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Attachment is an emotional bond between two people, which endures over time and
where separation leads to anxiety and distress.
Bowlby's Theory of Attachment
Bowlby's Definition of Attachment:
A warm and continuous loving relationship with one person (monotropy). It is a two
way process.
Bowbly's Theory
Typically, attachment occurs between a mother and baby, although Bowlby did state
that it may occur with a `main care giver'.…read more

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One strength of Bowlby's theory is that it has practical applications. Before
Bowlby's theory was commissioned, children had to stay in hospital on their own,
which caused them a lot of distress. After the theory was brought to public attention,
parents were actively encouraged to stay with their children, resulting in them being
less distressed.
Another strength is that Bowlby drew on a great deal of evidence from a range of
areas.…read more

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Ainsworth studied 26 families and observed the interactions between the
mother and child.
She also interviewed mothers about their sensitivity.
Ainsworth identified 3 patterns of attachment: securely attached, insecurely
attached and not yet attached.
Mothers that knew a lot about their baby and were sensitive to their needs
tended to have securely attached babies that cried less and used more
vocalisation and gestures.
The infants that were not yet attached had mothers that used less physical
contact and were not around as much.…read more

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Ainsworth ­ The Strange Situation
Following the observations in Uganda, Ainsworth developed the strange
situation procedure.
It is a structured observation using a standardised procedure so that each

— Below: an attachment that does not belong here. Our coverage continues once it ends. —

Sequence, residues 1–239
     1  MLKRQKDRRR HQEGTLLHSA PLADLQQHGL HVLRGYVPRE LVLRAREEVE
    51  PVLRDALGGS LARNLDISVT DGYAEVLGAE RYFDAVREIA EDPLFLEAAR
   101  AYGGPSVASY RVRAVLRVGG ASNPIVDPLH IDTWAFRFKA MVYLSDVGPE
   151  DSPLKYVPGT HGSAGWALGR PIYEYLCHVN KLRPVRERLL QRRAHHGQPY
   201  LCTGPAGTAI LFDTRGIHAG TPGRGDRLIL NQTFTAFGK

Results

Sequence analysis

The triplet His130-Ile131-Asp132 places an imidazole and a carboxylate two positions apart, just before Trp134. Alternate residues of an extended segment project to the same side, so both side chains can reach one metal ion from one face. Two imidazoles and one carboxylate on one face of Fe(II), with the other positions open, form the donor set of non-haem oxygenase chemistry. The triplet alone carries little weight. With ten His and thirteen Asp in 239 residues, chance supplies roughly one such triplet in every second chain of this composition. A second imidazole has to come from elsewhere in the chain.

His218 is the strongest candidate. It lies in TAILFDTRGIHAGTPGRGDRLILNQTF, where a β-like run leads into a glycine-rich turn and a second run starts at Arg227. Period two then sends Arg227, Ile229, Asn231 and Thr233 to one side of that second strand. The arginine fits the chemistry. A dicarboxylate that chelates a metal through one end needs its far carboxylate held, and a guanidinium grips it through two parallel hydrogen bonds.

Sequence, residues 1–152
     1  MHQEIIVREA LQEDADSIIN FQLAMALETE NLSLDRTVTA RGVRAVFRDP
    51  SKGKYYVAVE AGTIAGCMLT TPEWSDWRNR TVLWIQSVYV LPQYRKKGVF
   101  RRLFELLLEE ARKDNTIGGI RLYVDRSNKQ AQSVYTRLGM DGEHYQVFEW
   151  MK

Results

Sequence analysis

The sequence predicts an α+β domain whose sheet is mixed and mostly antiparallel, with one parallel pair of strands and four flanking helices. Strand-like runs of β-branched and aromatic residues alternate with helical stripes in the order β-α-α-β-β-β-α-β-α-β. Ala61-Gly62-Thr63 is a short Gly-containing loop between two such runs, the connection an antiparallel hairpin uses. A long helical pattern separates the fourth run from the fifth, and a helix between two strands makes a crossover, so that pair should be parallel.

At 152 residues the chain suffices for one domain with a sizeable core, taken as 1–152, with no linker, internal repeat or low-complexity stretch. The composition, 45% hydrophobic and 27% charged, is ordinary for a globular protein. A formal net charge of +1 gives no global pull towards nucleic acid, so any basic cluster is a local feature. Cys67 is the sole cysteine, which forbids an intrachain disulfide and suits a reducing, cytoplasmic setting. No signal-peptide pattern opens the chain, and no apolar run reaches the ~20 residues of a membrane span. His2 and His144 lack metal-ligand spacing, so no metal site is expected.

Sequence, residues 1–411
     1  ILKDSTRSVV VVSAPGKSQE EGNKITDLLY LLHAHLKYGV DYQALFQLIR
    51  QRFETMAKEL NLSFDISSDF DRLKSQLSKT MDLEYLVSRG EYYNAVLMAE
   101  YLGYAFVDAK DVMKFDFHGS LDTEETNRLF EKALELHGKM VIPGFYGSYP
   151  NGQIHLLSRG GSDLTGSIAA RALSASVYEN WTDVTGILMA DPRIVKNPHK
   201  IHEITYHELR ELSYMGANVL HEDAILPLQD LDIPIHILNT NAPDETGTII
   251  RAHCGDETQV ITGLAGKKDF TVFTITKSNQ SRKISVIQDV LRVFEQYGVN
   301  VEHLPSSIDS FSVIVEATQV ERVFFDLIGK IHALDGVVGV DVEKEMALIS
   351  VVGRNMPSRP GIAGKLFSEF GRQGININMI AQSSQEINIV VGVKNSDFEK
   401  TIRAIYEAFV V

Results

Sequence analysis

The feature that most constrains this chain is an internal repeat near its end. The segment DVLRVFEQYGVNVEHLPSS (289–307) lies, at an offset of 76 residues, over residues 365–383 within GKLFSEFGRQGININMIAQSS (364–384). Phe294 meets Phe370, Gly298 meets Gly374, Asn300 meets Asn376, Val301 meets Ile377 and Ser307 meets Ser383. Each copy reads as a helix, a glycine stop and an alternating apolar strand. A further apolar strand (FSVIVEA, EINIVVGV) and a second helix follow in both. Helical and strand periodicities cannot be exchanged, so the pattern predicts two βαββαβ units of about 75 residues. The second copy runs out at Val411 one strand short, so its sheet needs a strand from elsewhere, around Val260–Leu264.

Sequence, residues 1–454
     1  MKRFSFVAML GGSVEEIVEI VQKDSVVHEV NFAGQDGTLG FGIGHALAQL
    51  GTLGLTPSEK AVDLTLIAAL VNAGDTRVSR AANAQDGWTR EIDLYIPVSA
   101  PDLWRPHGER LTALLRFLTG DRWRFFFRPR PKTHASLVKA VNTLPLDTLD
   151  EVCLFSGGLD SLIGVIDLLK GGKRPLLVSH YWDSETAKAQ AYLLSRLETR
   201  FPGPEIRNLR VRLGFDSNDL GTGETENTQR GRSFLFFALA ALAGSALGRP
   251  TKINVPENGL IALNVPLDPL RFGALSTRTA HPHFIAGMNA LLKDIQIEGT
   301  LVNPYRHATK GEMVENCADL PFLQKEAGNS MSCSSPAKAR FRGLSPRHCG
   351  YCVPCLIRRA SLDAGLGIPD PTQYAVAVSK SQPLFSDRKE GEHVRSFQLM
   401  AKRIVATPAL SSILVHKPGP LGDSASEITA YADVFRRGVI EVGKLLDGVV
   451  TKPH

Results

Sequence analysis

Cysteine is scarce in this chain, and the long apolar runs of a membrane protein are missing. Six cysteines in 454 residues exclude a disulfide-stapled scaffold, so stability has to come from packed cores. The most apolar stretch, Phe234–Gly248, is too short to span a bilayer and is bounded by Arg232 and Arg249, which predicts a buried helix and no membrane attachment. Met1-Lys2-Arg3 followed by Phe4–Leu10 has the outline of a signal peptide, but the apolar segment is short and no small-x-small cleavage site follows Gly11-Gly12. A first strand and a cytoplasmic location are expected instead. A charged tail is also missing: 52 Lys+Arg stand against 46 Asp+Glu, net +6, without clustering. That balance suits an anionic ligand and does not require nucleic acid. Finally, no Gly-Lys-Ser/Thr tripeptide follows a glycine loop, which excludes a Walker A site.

mother and child has the same experience, allowing the responses to be
carefully recorded for comparison.
There are 8 stages to the strange situation procedure:
1. The parent and baby enter the room (a lab set up with toys and comfy chairs.
2. The parent does not interact with the child, who is left to explore.
3.…read more

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Attachment Types and Results of USA Study
Securely Attached
Children used their mother as a safe base for exploration.
Children were distressed when their mother left and showed separation
Children wanted comfort from their mother when she returned.
In the USA study, 70% were securely attached.
Anxious Avoidant
The child is equally happy with the stranger as the mother.
Children were not distressed when the mother left.
The child tends to avoid the mother when she returns.…read more

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Evaluation of Ainsworth's ideas of Attachment
Ainsworth has worked in the field of attachment for many used meaning she can
draw on a wealth of data. She has carried out many studies including the strange
situation, and has drawn similar conclusions for each, therefore the conclusions she
has made can be seen as reliable.
Although she often used lab based experiments to gather data, Ainsworth did use
naturalistic observations and interviews.…read more

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The Stange Situation - Cross Cultural Studies
Japan ­ Takahashi (1990)
60 middle class babies were used.
68% showed secure attachment, 0% were anxious avoidant and 32% were
anxious resistant.
Japanese mothers almost never leave their children, particularly alone with a
Japanese babies sleep with their parents until at least 2 years old.
During the study, many of the children displayed such intense distress that the
`baby alone' stage had to be stopped.…read more

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Evaluation of Cross Cultural Studies of the Strange Situation
It could be concluded that cultural differences lead to different attachment patterns.
However, it is NOT TRUE that children outside of the USA are worse off because of the
differences in secure attachment. We should really look at whether the cultural
differences are related to future development, and if so, how.
Takahashi's study cannot be generalised to all Japanese babies.…read more


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